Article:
BOSTON (CBS) — He isn’t always on the field, but Patriots rookie Chase Winovich always seems to make the most out of his opportunities.
Used primarily in pass-rush situations and on special teams, the third-round pick out of Michigan has been stuffing the stat sheet whenever he hits the field. He had another quarterback hit on Thursday night against the New York Giants, but that was not his biggest highlight in the New England win.
On Thursday night, Winovich scored his first career touchdown, and he did so in style.
Winovich was in the right place at the right time once again, scooping New England’s blocked punt out of the air in the first quarter and scooting six yards into the end zone to give the Patriots a 7-0 lead. Brandon Bolden pushed pushed linebacker Nate Stupar back on Riley Dixon’s attempt, and the punter sent his kick into the back of Stupar’s helmet.
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Winovich said that it felt like the ball was in the air forever, but he was able to snag it out of the night’s sky and scamper into the end zone. He told reporters after the game that it was his first touchdown since his days as a high school quarterback.
He may have gotten a little too carried away with his celebration, though. He fired the ball into the stands, which is a big no-no in the NFL. The rookie is facing a fine of just over $7,000 from the league, since they consider throwing the ball into the stands to be a safety risk.
Considering it had been so long since he had scored, Winovich said that he’s been planning his football toss for some time. That may have changed had he known it would cost him so much.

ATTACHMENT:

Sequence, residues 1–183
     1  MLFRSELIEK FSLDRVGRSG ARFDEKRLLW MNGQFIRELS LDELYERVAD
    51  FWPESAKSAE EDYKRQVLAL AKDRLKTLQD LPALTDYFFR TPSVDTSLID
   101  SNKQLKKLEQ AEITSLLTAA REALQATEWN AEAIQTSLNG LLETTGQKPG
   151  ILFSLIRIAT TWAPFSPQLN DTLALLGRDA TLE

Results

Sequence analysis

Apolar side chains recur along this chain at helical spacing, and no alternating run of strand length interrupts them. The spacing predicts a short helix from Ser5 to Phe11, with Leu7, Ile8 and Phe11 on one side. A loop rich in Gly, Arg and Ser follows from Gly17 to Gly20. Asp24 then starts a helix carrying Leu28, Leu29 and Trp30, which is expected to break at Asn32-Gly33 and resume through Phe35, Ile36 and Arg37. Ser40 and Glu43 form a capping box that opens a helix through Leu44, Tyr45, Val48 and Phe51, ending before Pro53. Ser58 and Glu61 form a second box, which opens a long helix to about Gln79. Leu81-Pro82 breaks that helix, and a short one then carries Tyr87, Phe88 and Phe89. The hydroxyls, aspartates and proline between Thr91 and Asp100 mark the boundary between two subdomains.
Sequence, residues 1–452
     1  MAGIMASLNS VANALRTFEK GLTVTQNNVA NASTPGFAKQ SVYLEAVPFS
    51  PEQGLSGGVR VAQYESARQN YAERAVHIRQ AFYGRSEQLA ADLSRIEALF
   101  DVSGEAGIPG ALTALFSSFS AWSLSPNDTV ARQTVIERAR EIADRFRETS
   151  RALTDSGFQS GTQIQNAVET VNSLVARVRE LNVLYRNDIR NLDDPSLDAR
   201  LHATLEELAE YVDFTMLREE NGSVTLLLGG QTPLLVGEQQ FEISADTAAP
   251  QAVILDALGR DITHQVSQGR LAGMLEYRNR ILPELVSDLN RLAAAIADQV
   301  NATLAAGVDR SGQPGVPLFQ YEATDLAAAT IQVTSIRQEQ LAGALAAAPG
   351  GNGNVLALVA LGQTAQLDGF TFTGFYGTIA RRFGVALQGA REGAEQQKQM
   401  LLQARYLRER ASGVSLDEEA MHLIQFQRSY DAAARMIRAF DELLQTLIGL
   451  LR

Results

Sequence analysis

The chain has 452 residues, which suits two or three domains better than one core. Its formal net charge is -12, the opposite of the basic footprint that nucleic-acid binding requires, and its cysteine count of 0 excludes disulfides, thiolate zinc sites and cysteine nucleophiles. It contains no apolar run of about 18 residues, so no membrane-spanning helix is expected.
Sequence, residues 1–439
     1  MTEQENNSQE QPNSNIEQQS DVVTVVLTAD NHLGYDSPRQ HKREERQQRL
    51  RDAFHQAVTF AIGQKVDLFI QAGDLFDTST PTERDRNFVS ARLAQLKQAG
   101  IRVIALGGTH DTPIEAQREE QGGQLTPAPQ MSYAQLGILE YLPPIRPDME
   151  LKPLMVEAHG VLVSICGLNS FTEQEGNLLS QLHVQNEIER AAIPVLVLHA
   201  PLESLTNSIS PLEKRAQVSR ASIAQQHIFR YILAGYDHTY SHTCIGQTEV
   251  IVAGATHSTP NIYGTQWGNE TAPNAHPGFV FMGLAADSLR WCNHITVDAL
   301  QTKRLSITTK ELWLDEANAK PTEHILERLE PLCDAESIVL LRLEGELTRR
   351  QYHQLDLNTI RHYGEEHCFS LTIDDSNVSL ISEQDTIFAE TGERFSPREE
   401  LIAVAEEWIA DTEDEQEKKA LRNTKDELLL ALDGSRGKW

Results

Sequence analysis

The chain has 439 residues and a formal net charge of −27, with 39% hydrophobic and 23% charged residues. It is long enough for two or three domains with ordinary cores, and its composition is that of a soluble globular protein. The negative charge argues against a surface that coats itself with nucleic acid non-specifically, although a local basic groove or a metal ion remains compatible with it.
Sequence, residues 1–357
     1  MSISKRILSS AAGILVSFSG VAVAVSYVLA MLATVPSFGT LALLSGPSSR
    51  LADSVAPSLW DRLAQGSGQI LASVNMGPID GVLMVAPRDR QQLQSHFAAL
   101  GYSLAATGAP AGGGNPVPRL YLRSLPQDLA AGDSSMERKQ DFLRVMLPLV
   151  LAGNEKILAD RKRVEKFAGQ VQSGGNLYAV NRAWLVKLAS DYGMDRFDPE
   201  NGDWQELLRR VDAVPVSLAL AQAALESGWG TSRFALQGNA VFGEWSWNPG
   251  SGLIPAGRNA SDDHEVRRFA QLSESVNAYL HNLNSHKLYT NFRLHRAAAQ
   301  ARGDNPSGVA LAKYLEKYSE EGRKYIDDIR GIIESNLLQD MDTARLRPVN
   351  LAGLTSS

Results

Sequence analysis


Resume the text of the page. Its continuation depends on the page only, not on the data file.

“I had been planning to throw it into the stands for a while. I didn’t know the fine was quite so … steep,” he admitted after the game. “But no regrets.”
He also no longer has a souvenir to remember the first time he found the end zone as a pro, but he didn’t seem to mind after New England’s 35-14 victory.
“Honestly, for me, it was more the experience of scoring a touchdown. That’s priceless. A football is a football; it’s cool to look back on it, but I have the film to look back on it,” he said. “The moment with my teammates in the end zone, celebrating, that’s priceless. No football can equate to that; that’s my personal opinion.
“When I found out about the fine in combination with the football, that might have hurt a little bit more,” he admitted, once again sporting his giant grin.
Winovich did add that he would be grateful if the fan returned the ball, but only time will tell if he gets it back. The way he’s been playing, even in his limited time on the field, chances are Winovich will have a few more footballs to keep as mementos.
And now he knows better than to throw them into the crowd.